• I am using my pfSense router to connect to an external VPN provider. So the router is managing everything, connected 24h to the provider. My VDSL2 can handle 50Mbit/10 Mbit
    Using OpenVPN on my PC ~ 43 Mbit down

    Using my router as client (1.2 GHz Eden C7 / 1GB-RAM) ~ 36 Mbit. I dont know how the other user was managing 45 Mbit with a 500 MHz CPU Via Padlock support. Or he meaned only the throughput and his PC was not running the OpenVPN client? hmm

    I recognized many collisions in my status –> Interface (more than 11000 within 2 days.)


  • Netgate Administrator

    One significant difference is that he was using IPSec not OpenVPN. I believe it is easier to specify the encryption engine for IPSec but I never tried it. It could be that you are not using the Padlock engine correctly.
    In that post he also says that without Padlock he got 12Mbps from his 500MHz C7. The rates you are seeing could line up with that.

    Steve



  • I have added the command line into my openvpn.conf as well to ensure the proper start/load of padlock. It was shown during openvpn start. So it can be that my measurement (using OpenVPN as client) can not be compared with the measurement with IPsec.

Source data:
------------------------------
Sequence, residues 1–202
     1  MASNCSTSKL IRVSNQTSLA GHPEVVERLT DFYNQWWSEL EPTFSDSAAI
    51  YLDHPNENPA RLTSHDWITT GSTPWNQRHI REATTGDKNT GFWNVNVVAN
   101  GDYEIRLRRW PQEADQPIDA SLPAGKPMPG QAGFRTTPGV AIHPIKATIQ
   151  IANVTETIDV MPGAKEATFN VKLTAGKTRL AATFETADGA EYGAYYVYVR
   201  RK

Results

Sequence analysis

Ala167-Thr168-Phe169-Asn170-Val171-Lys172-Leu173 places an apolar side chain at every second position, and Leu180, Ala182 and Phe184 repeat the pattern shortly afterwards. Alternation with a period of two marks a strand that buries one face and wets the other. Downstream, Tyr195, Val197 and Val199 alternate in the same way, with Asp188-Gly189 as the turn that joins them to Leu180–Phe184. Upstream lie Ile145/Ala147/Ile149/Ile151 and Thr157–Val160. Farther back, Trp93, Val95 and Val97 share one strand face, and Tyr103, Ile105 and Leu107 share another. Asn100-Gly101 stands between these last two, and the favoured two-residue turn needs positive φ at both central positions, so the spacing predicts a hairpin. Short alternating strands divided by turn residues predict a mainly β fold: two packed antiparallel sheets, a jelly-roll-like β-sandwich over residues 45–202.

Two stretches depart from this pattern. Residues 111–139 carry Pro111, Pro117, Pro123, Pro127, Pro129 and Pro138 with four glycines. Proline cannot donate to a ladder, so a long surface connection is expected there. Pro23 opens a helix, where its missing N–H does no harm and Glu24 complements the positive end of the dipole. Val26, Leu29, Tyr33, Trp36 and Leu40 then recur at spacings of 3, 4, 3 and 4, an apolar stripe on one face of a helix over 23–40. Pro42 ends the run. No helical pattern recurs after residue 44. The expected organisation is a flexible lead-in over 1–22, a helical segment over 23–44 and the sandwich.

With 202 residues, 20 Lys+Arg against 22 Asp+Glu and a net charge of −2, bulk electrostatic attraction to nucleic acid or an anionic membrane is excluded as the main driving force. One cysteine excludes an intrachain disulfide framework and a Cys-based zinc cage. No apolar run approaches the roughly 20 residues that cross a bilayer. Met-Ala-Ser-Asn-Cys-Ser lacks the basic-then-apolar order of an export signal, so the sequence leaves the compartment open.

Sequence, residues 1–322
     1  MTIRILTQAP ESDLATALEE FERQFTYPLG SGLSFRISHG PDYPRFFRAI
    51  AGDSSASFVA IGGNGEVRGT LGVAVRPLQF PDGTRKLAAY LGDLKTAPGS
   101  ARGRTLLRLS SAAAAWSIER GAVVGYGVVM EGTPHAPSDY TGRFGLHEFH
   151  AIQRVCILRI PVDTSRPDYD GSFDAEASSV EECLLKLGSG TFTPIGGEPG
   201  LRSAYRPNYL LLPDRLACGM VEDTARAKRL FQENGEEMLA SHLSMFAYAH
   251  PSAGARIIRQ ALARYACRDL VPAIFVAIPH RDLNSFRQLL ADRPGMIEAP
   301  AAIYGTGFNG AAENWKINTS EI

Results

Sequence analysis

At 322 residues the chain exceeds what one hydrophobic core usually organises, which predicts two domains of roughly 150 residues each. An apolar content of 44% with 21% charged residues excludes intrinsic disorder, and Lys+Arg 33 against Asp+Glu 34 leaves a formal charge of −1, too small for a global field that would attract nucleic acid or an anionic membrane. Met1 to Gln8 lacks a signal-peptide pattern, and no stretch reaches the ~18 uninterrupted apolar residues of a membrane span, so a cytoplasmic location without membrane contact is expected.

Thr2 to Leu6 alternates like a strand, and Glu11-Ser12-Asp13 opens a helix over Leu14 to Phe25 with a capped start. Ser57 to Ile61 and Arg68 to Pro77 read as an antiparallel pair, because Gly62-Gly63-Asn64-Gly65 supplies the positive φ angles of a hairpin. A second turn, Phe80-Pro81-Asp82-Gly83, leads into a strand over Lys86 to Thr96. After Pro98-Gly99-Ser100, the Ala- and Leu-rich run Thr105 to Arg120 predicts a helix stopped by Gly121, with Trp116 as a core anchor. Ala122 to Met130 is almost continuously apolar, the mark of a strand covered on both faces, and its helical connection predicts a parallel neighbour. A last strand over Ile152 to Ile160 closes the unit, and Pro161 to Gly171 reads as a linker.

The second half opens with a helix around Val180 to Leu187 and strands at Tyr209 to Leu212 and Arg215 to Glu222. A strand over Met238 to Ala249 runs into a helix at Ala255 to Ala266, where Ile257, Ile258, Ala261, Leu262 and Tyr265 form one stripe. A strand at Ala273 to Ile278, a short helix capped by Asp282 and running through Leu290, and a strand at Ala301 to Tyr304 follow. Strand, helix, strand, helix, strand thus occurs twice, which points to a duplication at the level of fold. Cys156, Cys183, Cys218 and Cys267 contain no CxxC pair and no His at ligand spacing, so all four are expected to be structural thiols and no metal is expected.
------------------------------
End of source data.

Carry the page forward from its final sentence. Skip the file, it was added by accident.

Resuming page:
My vpn provider is only supporting OpenVPN, L2PT/Ipsec and PPTP. I have two options now

    • Live with that and use my PC´s to connect through pfsense
    • Buy stronger hardware (for example the Intel Atom D2500CEE or a greater VIA CPU with padlock (mini-itx and fanless needed)

    At the end, too bad that i haven´t bought the 1.5 GHz VIA C7 board, but this one had a fan. I assume that the additional 300 MHz would be enough for the needed 6-7 Mbit VPN throughput :)
    –-----------------------------------
    Modify:

    I found now this page with some guides to improve the throughput
    https://community.openvpn.net/openvpn/wiki/Gigabit_Networks_Linux

    I will try it today at home again. Ok i have not a Gigabit Network connection but some commands would perhaps help.



  • hi stephenw10,

    a short feedback. It is running very well but i dont know the root cause. 42Mbit AES-256bit-CBC@60% cpu usage. I have recognized that using SSH or the webinterface is dropping the download speed extremly for some seconds. If i close all these applications the speed is stable. thx for support